6. ^ "First Small Park Bought in County". The Washington Post. 15 April 1959. Retrieved 26 October 2015 – via Proquest. (subscription required (help)). 
  7. ^ "Fairfax Wins Belvoir Park". The Washington Post. 1 April 1960. Retrieved 27 October 2015 – via Proquest. (subscription required (help)). 
  8. ^ "Floridian Heads Fairfax Parks". The Washington Post. 30 November 1961. Retrieved 26 October 2015 – via Proquest. 
  9. ^ a b "Fairfax Man Gets District Park Job". The Washington Post. 1 May 1965. Retrieved 26 October 2015 – via Proquest. (subscription required (help)). 
  10. ^ "Lake Accotink Is Sold To Fairfax by Army". The Washington Post. 27 April 1965. Retrieved 27 October 2015 – via Proquest. (subscription required (help)).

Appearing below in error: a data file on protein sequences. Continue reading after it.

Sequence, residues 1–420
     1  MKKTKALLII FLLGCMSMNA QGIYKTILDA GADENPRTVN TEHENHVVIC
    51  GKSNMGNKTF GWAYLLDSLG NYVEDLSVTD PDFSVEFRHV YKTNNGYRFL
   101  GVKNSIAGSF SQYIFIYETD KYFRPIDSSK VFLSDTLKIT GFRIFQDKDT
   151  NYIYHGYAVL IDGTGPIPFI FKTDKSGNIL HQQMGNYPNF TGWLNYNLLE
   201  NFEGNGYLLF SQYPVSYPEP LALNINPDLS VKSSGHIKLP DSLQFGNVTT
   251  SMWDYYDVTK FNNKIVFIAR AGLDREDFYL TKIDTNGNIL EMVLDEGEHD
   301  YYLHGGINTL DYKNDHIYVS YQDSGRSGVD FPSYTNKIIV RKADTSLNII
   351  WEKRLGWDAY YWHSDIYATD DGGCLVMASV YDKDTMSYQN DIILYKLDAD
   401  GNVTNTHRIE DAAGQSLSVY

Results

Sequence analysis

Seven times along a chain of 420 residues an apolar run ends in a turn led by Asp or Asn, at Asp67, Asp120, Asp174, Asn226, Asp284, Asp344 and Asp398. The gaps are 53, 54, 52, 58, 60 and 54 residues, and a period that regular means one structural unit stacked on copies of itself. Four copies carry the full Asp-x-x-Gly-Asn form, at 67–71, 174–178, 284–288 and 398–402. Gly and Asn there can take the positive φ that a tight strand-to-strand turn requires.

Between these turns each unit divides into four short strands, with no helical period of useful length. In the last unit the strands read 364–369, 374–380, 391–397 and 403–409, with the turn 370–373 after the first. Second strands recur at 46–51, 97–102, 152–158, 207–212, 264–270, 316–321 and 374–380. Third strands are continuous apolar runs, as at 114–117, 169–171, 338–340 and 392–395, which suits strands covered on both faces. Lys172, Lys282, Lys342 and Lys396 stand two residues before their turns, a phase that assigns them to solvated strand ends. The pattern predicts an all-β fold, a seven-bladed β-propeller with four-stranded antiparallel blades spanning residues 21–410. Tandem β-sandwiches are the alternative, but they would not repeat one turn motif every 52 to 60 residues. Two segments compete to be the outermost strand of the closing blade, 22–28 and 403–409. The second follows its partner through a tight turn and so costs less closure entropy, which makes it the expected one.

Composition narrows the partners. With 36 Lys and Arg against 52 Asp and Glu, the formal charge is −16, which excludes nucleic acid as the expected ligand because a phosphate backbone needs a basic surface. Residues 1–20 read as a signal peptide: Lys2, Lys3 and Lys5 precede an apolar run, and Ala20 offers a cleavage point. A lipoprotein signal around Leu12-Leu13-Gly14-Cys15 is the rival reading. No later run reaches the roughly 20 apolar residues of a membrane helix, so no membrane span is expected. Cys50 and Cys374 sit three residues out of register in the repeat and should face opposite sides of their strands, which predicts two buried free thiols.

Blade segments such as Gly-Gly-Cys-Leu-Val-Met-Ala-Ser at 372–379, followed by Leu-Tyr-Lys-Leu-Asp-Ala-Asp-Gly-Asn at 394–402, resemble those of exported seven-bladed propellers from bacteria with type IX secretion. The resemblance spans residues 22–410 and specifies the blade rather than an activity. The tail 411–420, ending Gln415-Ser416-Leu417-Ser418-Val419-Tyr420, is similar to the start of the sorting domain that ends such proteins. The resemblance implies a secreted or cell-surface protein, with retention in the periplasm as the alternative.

11. ^ "Lake Fairfax Is Sought for Public Park". The Washington Post. 19 December 1965. Retrieved 26 October 2015 – via Proquest. (subscription required (help)). 
  12. ^ "Fairfax Lake Payment Is Deferred". The Washington Post. 5 August 1970. Retrieved 25 October 2015 – via Proquest. (subscription required (help)). 
  13. ^ Bredemeier, Kenneth (24 December 1970). "Fairfax Gets Gift Of Land: Tract Valued At $5 Million Will Be Park". The Washington Post. Retrieved 29 October 2015 – via Proquest. (subscription required (help)). 
  14. ^ Seaberry, Jane (15 January 1976). "$50 Million Sought for Parks: Fairfax Authority Seeks Vote on Bond Issue". The Washington Post. Retrieved 26 October 2015 – via Proquest. (subscription required (help)). 
  15. ^ Bredemeier, Kenneth (30 December 1972). "Park Boss Moves at Public Expense". The Washington Post. Retrieved 29 October 2015 – via Proquest. (subscription required (help)).